Outpatient Surgery Magazine

Manager's Guide to Staff & Patient Safety - October 2016

Outpatient Surgery Magazine, providing current information on Surgical Services, Surgical Facility Administration, Outpatient Surgery News and Trends, OR Excellence and more.

Issue link: http://outpatientsurgery.uberflip.com/i/731766

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Page 23 of 62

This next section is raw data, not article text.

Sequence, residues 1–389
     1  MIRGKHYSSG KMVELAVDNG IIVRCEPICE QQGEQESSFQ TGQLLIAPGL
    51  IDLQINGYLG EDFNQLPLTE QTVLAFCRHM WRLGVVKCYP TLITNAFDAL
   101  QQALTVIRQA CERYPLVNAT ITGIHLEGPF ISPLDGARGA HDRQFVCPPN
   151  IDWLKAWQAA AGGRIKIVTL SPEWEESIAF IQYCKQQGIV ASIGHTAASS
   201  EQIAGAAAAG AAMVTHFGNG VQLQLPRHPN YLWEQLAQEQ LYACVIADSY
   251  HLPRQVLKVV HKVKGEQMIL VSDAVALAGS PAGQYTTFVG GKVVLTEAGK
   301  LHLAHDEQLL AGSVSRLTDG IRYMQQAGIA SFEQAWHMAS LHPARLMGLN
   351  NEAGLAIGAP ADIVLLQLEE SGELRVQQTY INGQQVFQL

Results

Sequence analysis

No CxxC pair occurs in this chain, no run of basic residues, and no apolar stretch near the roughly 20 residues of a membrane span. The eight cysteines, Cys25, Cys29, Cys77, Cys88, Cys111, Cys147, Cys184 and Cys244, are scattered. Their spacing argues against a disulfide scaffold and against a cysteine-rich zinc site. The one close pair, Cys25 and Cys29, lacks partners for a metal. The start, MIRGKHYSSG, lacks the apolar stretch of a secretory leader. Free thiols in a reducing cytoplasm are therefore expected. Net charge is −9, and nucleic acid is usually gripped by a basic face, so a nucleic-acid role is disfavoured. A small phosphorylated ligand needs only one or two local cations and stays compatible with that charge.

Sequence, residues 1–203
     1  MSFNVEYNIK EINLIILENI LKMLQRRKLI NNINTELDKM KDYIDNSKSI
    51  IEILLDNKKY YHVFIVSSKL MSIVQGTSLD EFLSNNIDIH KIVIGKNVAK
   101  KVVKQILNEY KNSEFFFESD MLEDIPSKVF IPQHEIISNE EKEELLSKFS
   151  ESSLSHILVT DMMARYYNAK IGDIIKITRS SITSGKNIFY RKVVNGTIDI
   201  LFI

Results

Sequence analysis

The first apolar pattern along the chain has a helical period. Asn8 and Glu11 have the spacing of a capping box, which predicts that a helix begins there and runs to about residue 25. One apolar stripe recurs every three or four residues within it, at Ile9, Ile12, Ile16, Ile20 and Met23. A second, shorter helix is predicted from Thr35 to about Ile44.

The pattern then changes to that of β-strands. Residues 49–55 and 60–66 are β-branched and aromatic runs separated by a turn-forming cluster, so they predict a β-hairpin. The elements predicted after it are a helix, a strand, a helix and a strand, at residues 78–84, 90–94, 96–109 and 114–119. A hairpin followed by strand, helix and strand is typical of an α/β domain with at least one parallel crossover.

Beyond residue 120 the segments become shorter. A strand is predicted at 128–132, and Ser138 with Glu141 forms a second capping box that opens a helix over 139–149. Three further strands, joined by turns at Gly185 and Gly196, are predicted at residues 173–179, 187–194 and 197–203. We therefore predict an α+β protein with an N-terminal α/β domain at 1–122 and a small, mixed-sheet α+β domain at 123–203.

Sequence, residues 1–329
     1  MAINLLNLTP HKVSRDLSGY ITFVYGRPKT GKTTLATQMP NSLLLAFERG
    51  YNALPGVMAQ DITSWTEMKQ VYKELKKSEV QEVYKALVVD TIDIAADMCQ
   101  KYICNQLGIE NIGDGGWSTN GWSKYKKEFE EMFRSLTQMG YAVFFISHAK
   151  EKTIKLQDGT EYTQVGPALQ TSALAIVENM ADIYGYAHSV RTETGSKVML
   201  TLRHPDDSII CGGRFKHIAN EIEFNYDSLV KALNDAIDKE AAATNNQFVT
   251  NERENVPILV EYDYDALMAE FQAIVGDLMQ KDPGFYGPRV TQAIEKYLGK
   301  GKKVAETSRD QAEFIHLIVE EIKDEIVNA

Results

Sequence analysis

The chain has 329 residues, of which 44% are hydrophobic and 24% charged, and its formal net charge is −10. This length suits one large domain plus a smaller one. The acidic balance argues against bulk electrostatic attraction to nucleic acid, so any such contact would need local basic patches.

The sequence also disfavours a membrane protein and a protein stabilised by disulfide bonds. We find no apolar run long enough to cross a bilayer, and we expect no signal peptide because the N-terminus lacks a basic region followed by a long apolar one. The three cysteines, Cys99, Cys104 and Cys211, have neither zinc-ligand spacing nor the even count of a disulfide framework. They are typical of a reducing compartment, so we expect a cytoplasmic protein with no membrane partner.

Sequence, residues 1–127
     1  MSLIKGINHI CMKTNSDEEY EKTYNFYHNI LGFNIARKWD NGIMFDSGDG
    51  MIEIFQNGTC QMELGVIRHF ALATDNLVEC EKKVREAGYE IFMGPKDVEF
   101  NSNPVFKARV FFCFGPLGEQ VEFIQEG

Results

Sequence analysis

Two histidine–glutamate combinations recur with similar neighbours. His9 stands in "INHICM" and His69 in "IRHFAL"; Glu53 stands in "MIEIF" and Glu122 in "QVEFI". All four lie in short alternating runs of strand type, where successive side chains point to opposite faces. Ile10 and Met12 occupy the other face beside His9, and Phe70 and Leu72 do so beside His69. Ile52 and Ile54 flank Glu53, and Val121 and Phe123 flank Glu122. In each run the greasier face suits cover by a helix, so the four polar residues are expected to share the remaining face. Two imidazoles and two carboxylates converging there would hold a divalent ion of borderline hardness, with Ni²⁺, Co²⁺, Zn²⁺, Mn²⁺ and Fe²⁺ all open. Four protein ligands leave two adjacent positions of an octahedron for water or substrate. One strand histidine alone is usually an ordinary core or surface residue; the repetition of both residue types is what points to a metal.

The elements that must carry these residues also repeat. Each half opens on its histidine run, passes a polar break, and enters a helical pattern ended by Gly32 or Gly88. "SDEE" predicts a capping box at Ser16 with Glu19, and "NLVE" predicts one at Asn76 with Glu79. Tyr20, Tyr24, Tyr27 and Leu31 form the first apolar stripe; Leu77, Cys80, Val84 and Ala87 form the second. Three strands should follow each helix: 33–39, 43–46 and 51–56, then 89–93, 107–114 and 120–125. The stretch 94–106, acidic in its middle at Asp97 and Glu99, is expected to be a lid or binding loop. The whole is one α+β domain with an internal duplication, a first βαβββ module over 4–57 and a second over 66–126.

2 4 S U P P L E M E N T T O O U T P A T I E N T S U R G E R Y M A G A Z I N E O C T O B E R 2 0 1 6 M arking the site of the surgical incision before the induction of anesthesia is the surest way to prevent wrong-site sur- gery, but only if it's done — many facilities have adopted a "no-mark, no-surgery" policy — and only if it's done prop- erly. Surgical site marking is not a time for individual expression or to draw cutesy symbols and squiggly lines — those marks will only confuse the surgical team when they're confirming where to cut. Your surgeons and staff need to agree on a standardized approach and use it to mark each and every patient. Outpatient Surgery Magazine photographer Pamela Bevelhymer, RN, BSN, photographed 8 examples of site marking done correctly … and some scenarios that can cause confusion and lead to errors. OSM Marking the Site Right There are lots of ways to do it wrong, but only a couple of ways to do it right. Photo Essay by Pamela Bevelhymer, RN, BSN CRYSTAL CLEAR There are only a few simple rules to follow. First, the surgeon should use his initials (unless they're NO) or the word YES as the surgical mark. Second, place the mark as close as anatomically possible to the incision site using a single-use surgical skin marker. Third, have the surgeon mark the site before the patient enters the OR.

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